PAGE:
Compass resting on grass

I am a huge fan of Seth Godin’s work and I gain great inspiration from his blog, which has helped me so much in my own businesses.  Seth articulates the things that we are all thinking in a way that is both thought provoking and challenging with a very bold and convincing approach.

In his motivational blog, Seth wrote a great entry around the ‘Map and the Compass’ in which he was challenging us to question our map (plan) and explore how well it relates to our compass (vision). What direction is your compass pointing? Is there a clear ‘True North’? The message is simple and direct, there is no point having a great business or project plan if is not pointing in the right direction!

Our days are full of plans, but not all of them are being directed in the right way. We sometimes find ourselves caught up in the plan but fail to get clear on the ultimate destination. Our “True North” encompasses our guiding principles, our vision of what success looks like for the organisation and for the people involved.

The “Map and Compass” theory delivers a key insight. When thinking about your strategy how much time do you waste on getting the map just right with no regard for the compass? I see it happen all too often in organisations and with consultants. We hear things like “Our business plan has fifty actions, we have assigned 100 owners to tasks all due next quarter, and our leadership program is in place along with our engagement strategies.  We have the project execution plans, our detailed program, and technical specifications for our projects.”  Sounds terrific… doesn’t it!?  However, when people are too engaged in the ‘check list’ and try to meet deadlines, they forget to look up and get on the business!  This can lead to a fear of asking the tough questions of ourselves, our people and our clients.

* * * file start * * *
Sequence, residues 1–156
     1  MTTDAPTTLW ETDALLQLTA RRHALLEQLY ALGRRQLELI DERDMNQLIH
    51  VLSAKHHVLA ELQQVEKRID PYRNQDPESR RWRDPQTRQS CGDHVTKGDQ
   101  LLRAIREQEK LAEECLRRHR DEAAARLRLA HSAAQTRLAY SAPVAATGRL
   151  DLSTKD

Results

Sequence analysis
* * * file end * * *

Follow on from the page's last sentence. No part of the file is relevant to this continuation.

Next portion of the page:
Lists of tasks and actions mean nothing if they are not tied in with one direction. They mean nothing if they are not aligned to our true north. There’s no point using a detailed map that is heading in the wrong direction? A clear vision of the future is critical in the form of a high level three or five year strategic plan. This can be built on one or two pages and should include your vision, values, unique selling proposition, your competitive advantage, your desired culture, along with your guiding success principles and targets.

A key success factor to consultants when working with clients around their strategic plan is to gain an understanding of what the client, project, and non-owner participant objectives are. Without a clear and mutual understanding of the direction we are headed in we could easily end up in Africa when we are keen to go to Asia! All our time and efforts will have been wasted by then.

Face yourself in the mirror and ask: What is your compass?! Never let fear or the need to have every action documented get in the way of focussing on what matters for success and driving positive behaviours for your business or you as a consultant.

Furthermore, your team, your family and your own life will thank you for creating a vision that they can engage with and understand how they can contribute to it rather than a series of actions that don’t link to the bigger picture.  You can’t hit a target you can’t see!

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